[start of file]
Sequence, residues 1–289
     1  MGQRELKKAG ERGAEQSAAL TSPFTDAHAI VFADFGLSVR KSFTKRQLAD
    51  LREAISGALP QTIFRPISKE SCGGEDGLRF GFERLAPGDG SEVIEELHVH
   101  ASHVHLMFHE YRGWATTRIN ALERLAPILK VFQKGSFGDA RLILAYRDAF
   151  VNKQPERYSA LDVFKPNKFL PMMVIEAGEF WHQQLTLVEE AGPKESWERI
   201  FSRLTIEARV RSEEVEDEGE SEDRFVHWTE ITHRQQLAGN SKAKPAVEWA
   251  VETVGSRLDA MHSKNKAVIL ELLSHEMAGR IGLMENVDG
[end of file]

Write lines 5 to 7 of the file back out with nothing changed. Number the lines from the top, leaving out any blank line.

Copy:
   151  VNKQPERYSA LDVFKPNKFL PMMVIEAGEF WHQQLTLVEE AGPKESWERI
   201  FSRLTIEARV RSEEVEDEGE SEDRFVHWTE ITHRQQLAGN SKAKPAVEWA
   251  VETVGSRLDA MHSKNKAVIL ELLSHEMAGR IGLMENVDG